DEFINITION of Variable Ratio Write
The variable ratio write option strategy includes an investor holding a long position in the underlying asset while simultaneously writing multiple call options at varying strike prices.
Variable ratio writes have limited profit potential because the trader is only looking to capture the premiums paid for the call options. This strategy is best used on stocks with little expected volatility, particularly in the near term.
BREAKING DOWN Variable Ratio Write
In ratio call writing, the ratio represents the number of options sold for every 100 shares owned in the underlying stock. This strategy is similar to a ratio call write, but instead of writing at-the-money calls, the trader will write both in the money and out of the money calls. For example, in a 2:1 variable ratio write, the trader will be long 100 shares of the underlying stock. Two calls are written: one is out of the money and one is in the money. The payoff in a variable ratio write resembles that of a reverse strangle.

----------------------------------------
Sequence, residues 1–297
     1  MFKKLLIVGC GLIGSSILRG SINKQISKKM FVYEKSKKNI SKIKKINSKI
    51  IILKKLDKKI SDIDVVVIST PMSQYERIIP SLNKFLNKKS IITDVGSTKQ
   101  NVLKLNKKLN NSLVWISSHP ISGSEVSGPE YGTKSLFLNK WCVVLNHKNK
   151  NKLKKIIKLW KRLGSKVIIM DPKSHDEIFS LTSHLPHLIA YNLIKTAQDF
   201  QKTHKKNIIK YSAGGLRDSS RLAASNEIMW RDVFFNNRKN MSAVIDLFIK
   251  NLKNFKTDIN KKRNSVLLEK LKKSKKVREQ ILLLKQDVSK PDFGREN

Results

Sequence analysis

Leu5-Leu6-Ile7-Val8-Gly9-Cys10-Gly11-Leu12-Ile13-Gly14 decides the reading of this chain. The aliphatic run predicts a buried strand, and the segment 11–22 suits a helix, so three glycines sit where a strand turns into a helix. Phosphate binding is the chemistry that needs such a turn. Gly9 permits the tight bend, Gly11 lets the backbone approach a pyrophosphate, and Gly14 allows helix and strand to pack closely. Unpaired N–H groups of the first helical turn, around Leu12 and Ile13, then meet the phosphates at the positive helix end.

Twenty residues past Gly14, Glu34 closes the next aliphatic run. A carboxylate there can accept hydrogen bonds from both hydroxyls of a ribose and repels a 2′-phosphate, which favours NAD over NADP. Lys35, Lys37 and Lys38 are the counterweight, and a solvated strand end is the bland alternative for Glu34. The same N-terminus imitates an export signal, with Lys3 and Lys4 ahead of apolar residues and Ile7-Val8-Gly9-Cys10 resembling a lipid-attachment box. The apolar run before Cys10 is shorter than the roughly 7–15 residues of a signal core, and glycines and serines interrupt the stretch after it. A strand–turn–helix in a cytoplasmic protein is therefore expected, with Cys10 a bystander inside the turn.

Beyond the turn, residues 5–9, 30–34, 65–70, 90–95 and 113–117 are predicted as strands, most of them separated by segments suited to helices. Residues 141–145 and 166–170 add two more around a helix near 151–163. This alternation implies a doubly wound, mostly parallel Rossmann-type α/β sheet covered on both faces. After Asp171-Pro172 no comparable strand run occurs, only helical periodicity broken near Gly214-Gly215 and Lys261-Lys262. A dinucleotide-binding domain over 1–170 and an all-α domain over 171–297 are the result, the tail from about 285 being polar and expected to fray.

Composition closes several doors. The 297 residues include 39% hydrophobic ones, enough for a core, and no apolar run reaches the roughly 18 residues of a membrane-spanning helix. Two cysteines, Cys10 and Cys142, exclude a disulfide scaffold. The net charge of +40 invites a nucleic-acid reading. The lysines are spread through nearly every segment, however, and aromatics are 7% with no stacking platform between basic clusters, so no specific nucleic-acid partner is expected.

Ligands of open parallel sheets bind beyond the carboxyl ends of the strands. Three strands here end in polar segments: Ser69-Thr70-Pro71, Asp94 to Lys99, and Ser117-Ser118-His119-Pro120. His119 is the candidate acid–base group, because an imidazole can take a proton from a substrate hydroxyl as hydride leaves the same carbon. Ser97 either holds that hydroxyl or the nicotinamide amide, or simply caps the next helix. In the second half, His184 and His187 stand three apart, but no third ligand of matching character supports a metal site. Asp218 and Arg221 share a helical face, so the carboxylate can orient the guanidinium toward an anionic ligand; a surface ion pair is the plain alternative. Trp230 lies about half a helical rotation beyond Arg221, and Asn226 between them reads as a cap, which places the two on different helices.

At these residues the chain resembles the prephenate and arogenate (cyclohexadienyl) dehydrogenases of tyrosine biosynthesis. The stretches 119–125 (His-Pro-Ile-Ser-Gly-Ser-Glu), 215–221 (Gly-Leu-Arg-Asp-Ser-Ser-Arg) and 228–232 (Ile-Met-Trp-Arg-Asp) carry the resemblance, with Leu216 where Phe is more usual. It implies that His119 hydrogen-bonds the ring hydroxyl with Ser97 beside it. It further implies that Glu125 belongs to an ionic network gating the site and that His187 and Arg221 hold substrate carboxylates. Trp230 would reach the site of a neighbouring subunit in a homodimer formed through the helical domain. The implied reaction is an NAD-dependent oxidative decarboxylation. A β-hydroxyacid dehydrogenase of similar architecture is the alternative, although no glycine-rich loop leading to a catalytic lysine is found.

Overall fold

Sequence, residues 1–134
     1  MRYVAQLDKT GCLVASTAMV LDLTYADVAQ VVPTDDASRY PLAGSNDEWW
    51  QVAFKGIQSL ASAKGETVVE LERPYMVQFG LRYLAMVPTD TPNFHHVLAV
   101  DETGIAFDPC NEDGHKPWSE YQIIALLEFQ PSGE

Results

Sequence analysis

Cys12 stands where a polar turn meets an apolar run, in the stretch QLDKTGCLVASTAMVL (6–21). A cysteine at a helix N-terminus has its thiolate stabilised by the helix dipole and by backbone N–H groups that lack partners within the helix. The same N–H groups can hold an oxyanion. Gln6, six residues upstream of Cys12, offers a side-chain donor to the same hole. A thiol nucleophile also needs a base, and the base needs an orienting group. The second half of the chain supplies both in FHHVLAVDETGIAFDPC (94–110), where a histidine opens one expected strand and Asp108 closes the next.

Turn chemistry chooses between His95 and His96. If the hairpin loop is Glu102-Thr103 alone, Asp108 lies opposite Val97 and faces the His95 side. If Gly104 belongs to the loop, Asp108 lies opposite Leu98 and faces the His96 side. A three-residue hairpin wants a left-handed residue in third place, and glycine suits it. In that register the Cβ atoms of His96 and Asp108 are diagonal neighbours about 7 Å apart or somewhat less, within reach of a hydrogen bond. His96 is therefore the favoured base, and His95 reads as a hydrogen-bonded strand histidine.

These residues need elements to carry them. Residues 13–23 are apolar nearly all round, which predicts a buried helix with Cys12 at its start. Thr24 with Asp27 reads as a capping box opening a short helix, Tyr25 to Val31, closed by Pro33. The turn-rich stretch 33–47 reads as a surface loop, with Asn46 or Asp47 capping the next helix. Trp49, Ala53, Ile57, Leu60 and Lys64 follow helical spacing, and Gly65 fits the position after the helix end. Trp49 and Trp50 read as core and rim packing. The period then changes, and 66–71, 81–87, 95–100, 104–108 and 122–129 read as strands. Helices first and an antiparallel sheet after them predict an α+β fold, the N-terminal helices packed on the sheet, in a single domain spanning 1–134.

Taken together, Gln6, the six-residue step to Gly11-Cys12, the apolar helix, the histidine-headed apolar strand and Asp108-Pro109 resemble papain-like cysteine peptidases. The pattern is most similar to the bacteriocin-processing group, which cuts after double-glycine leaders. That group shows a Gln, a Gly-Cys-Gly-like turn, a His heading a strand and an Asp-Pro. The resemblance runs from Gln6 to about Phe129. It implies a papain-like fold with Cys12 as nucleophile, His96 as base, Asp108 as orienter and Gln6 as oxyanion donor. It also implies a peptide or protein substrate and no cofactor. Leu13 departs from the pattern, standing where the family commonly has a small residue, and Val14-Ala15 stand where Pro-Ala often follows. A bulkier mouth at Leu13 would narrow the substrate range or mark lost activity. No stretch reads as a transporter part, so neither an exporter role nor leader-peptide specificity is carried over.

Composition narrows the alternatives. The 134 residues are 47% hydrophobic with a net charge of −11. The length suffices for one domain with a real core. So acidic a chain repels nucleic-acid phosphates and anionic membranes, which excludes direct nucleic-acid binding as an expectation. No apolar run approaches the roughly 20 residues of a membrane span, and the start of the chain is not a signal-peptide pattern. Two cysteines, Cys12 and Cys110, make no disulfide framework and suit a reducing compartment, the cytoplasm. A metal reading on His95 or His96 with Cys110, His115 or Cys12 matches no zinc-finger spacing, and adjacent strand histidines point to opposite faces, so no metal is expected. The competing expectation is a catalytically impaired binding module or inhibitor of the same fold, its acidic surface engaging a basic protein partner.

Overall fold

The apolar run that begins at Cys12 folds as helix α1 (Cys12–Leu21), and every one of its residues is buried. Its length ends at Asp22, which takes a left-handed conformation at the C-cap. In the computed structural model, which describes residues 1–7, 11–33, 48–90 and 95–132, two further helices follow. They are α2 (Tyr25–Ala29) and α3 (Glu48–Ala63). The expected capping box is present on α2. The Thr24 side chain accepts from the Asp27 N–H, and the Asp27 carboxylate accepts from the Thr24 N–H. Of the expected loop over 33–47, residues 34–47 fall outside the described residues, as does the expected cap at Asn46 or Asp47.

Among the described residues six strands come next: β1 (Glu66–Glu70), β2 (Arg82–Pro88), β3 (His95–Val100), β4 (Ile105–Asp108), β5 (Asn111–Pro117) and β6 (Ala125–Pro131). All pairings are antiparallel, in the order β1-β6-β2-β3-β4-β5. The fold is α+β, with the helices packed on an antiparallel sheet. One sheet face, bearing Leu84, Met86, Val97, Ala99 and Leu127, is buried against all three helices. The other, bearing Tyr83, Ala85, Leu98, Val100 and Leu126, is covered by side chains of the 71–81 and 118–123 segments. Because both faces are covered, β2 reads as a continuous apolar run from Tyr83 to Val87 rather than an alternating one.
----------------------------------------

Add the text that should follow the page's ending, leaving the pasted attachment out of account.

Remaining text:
As an investment strategy, the variable ratio write technique should be avoided by inexperienced options traders as this strategy has unlimited risk potential. Because losses begin when stock price makes a strong move to the upside or downside beyond the upper and lower breakeven points, there is no limit to the maximum possible loss on a variable ratio write position. Although the strategy appears to present significant risks, the variable ratio write technique does offer a fair amount of flexibility with managed market risk, while providing attractive income for an experienced trader.
There are two break-even points for a variable ratio write position. These breakeven points can be found as follows:
- Upper Breakeven Point = Strike Price of Higher Strike Short Call + Points of Maximum Profit
- Lower Breakeven Point = Strike Price of Lower Strike Short Call - Points of Maximum Profit